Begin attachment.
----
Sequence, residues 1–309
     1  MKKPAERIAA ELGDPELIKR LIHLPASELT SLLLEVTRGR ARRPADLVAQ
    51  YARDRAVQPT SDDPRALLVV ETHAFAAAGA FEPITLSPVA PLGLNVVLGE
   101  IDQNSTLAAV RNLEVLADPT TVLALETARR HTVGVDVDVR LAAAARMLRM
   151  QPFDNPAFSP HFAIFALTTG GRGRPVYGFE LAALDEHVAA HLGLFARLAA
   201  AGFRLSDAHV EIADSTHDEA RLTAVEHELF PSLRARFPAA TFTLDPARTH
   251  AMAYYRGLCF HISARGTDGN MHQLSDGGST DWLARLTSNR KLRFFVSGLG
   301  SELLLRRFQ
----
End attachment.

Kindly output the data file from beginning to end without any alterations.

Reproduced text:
Sequence, residues 1–309
     1  MKKPAERIAA ELGDPELIKR LIHLPASELT SLLLEVTRGR ARRPADLVAQ
    51  YARDRAVQPT SDDPRALLVV ETHAFAAAGA FEPITLSPVA PLGLNVVLGE
   101  IDQNSTLAAV RNLEVLADPT TVLALETARR HTVGVDVDVR LAAAARMLRM
   151  QPFDNPAFSP HFAIFALTTG GRGRPVYGFE LAALDEHVAA HLGLFARLAA
   201  AGFRLSDAHV EIADSTHDEA RLTAVEHELF PSLRARFPAA TFTLDPARTH
   251  AMAYYRGLCF HISARGTDGN MHQLSDGGST DWLARLTSNR KLRFFVSGLG
   301  SELLLRRFQ